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ERA commits to halting PPP arrangement

The Environmental Rights Action/Friends of the Earth (ERA/FoEN) is committed to rolling back the Public Private Partnership (PPP) arrangement in Nigeria being test-run in Lagos.

ERA/FoEN

L-R: Benjamin Anthony, AUPCTRE national president; Josiah Biobelemoye, national president, Medical and Health Workers of Nigeria; Akinbode Oluwafemi, deputy executive director, ERA/FoEN; Peter Adeyemi, vice president, PSI; Sandra Vermuyten, Head of Campaigns, PSI; and Baba Aye, vice president, PSI, at the workshop on Public Private Partnership versus Public Sector Solutions organised by ERA in Lagos

Akinbode Oluwafemi, the deputy executive director of ERA/FoEN, stated this on Tuesday, April 3, 2018 at a meeting in Lagos on Public Private Partnerships versus Public Solutions organised by Environmental Rights Action (ERA), PSI and other civil society groups.

The activist said that, due to the failure of water privatisation in Lagos by the Babatunde Fashola administration in 2014, the Our Water Our Right coalition was formed to roll back the PPP arrangement.

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To achieve this, he added, the coalition partnered labour unions, engaged communities through Community Water Parliaments, engaged women through Africa Women Water Sanitation and Hygiene Network (AWASHNET), and made international alliances.

According to him, the failure of Visionscape Sanitation Systems in Lagos is the foretaste of PPP model failure in Nigeria.

Several speakers from the civil society and labour unions presented papers opposing privatisation in different sectors such as water, energy, education and health.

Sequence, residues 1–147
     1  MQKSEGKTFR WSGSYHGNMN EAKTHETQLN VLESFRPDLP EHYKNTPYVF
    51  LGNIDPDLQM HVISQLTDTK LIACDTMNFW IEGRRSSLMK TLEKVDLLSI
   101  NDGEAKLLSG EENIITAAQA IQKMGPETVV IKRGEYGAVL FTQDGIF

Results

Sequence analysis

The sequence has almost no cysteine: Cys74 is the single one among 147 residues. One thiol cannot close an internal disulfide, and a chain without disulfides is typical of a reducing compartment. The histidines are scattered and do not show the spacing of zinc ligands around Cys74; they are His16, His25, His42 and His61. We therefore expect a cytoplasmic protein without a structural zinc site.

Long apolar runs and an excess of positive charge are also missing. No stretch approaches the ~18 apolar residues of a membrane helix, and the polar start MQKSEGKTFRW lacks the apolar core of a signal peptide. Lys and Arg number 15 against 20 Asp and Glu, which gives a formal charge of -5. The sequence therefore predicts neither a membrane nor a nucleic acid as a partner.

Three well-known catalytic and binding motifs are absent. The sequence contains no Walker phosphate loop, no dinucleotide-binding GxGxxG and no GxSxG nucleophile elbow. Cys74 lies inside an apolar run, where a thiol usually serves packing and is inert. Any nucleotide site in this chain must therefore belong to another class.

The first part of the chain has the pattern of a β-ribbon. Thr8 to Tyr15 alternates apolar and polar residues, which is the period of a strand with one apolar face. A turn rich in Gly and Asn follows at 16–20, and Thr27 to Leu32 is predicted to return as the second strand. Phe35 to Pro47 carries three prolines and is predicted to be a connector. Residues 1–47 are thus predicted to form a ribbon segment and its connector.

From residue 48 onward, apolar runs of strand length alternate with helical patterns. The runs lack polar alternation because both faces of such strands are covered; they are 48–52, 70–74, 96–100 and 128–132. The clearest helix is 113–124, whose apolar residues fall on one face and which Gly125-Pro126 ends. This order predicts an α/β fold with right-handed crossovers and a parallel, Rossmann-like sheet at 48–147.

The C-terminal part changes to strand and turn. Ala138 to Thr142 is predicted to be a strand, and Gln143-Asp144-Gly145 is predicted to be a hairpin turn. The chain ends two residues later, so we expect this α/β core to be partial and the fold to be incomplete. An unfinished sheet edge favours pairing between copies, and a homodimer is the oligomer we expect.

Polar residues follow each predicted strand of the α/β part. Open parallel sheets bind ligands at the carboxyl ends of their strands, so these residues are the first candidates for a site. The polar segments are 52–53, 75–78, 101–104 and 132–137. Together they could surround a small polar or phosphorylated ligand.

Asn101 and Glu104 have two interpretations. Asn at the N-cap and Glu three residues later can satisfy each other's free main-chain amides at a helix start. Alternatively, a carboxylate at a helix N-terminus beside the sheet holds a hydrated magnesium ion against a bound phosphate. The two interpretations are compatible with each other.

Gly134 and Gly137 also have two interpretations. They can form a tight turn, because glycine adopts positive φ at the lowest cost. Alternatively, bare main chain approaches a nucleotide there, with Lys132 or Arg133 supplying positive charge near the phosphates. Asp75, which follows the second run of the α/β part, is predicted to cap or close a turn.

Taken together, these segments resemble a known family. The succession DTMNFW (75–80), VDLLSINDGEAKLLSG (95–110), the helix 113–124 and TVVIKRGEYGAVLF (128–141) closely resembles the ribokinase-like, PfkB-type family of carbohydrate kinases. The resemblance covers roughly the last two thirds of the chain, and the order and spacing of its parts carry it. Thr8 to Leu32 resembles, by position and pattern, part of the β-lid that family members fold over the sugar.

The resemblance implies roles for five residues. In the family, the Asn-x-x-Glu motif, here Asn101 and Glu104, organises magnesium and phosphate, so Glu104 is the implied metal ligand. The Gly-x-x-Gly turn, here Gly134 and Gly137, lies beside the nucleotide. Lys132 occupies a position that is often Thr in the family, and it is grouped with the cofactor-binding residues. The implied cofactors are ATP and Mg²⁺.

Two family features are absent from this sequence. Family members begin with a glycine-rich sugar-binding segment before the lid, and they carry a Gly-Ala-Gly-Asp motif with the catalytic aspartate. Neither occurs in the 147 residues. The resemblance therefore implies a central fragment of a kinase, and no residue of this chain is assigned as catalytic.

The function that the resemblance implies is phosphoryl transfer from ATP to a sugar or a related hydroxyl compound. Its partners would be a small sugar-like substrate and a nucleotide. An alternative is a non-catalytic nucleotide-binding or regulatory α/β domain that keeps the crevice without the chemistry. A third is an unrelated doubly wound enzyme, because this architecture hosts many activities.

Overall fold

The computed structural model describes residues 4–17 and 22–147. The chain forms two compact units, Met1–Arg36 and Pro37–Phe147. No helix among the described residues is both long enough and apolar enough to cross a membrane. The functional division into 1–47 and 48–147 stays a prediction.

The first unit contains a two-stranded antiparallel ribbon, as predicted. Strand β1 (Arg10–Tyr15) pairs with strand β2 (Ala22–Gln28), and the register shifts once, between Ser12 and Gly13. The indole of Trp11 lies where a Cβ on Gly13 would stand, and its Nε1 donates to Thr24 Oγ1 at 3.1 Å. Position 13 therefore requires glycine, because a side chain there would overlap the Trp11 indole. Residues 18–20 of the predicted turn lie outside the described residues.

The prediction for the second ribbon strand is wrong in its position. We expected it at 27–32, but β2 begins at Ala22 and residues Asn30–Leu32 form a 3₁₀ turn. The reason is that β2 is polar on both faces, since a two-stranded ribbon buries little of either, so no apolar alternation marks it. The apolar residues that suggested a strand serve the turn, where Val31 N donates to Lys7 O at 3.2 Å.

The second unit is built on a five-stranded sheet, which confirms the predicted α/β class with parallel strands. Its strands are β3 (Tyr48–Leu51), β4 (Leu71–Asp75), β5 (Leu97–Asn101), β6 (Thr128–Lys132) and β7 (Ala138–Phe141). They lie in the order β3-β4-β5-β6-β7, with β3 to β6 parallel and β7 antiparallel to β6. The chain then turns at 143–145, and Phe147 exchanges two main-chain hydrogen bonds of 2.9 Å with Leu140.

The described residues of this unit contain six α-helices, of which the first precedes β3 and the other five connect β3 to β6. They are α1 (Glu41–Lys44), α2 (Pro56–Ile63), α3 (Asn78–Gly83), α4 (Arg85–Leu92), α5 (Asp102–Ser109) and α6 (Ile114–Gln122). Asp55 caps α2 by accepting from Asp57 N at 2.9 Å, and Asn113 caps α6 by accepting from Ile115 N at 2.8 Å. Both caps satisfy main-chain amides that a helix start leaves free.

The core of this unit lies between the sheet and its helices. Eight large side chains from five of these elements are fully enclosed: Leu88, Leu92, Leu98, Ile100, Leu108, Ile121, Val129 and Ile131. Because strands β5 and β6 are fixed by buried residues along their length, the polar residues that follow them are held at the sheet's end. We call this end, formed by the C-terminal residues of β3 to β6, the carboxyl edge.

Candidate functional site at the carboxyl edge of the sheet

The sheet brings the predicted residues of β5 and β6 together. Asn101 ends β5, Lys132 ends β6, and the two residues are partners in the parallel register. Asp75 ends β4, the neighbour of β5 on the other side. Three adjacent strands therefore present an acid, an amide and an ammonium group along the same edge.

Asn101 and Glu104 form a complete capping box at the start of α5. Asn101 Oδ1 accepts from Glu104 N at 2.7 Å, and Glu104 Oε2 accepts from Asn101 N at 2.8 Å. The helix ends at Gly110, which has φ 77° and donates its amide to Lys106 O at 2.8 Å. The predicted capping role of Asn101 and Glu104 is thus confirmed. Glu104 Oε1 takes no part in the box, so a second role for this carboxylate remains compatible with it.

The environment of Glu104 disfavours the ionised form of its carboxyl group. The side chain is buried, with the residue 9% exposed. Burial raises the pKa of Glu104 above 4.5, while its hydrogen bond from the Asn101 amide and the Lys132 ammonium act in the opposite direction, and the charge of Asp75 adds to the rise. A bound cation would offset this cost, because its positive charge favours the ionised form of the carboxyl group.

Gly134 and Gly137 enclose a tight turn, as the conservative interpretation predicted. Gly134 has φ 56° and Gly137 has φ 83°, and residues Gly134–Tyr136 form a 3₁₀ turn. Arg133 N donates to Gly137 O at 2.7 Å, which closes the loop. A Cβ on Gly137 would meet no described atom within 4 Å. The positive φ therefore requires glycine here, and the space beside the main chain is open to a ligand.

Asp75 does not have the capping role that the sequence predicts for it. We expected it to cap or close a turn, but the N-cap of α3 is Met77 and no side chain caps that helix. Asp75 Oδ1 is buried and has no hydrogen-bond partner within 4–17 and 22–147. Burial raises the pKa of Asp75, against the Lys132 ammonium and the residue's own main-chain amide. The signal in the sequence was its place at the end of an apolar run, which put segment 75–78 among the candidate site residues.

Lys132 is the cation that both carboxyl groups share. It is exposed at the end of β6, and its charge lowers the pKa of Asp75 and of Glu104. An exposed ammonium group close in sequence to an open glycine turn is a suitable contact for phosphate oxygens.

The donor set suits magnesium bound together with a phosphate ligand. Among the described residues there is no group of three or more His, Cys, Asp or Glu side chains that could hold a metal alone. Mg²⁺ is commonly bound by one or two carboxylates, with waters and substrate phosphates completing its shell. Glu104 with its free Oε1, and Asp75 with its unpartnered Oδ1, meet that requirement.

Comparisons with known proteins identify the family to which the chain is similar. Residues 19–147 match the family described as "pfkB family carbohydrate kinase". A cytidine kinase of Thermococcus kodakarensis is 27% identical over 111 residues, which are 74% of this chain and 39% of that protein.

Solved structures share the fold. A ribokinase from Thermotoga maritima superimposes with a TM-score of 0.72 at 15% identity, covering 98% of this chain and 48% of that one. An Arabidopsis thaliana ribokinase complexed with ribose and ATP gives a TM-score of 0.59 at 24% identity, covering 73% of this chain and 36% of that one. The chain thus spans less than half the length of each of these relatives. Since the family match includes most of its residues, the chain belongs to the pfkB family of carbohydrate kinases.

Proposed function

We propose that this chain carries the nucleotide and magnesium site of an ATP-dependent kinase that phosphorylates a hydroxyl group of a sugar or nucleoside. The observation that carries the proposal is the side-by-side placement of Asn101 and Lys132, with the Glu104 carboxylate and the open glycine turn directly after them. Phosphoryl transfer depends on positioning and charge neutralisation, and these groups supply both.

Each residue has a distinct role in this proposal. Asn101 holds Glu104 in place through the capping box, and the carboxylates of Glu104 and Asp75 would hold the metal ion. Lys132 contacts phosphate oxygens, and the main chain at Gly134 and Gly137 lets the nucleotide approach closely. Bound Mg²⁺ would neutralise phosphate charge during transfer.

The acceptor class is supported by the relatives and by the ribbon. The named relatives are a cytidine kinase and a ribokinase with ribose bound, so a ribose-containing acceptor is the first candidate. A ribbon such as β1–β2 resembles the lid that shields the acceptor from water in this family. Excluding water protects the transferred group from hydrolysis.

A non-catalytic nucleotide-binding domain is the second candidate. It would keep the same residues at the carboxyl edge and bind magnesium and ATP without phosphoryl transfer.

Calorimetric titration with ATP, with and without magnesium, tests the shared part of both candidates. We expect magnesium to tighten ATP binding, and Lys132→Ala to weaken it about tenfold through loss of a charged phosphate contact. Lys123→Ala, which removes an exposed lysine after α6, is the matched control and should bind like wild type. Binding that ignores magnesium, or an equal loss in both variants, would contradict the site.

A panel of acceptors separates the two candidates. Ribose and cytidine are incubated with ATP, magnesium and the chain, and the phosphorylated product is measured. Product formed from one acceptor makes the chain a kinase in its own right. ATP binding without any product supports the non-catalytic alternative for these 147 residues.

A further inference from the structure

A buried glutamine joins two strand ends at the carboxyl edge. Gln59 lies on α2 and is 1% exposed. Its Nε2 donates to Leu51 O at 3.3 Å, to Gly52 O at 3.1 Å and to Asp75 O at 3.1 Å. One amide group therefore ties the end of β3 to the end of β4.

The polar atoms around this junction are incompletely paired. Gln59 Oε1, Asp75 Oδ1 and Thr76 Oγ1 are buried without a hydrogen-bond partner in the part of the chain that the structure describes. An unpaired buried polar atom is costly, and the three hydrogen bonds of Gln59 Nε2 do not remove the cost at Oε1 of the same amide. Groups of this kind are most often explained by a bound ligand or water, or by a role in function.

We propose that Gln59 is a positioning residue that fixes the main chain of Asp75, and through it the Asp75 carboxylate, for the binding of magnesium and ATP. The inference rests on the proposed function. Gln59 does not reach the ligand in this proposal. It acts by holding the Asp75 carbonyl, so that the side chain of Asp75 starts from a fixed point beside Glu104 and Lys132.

Sandra Vermuyten, Head of Campaigns, Public Services International (PSI), who represented Rosa Pavanelli, the PSI General Secretary, presented the keynote address on “PSI’s Campaign Against Privatisation of Public Service, 2030 Agenda and Current Global Policy Issues”.

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She noted that there had been a “propaganda tsunami” on the merits of privatisation and tried, together with other speakers, to proffer ways of breaking through the tsunami.

According to her, privatisation is not about job creation, but more of taking basic needs and facilities out of the reach of the common man by high costs.

Greece and Portugal, she said, were pushed into bankruptcy by the same international corporations who were advising African countries to embrace privatisation, adding that “the fight against privatisation is for social justice and human rights.”

In his welcome address, Benjamin Anthony, the national president of Amalgamated Union of Public Corporations, Civil Service Technical and Recreational Services Employees (AUPCTRE), said “there is no better time to address this issue of privatisation than now that more African countries are privatising public corporations.”

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On the reason the civil society in Nigeria are kicking against privatisation, he said it runs contrary to the constitution.

He appealed to PSI to add provision of affordable housing to its campaigns, because the rich buy public land to build unaffordable houses, leaving the common man without shelter.

Describing the PPP model in Nigeria as exploitative, he commended PSI for its support to AUPCTRE.

Oluwafemi remarked that despite the gloomy picture painted about most African countries, “in every African country, multinational companies make fortunes to the detriment of the masses.”

Supporting Vermuyten’s assertion that the financial volume of 10 top companies in the world equals 180 bottom countries, Oluwafemi said “more state actors are getting richer that the public.”

On the reason for ERA opposition of Lagos’ bid to privatise public corporations, he restated that “if Lagos should fall, several cities in Nigeria will fall; and if Nigeria should fall, several African countries will follow.”

The two-day workshop ended on Wednesday, April 4.

By Chika Onwuji

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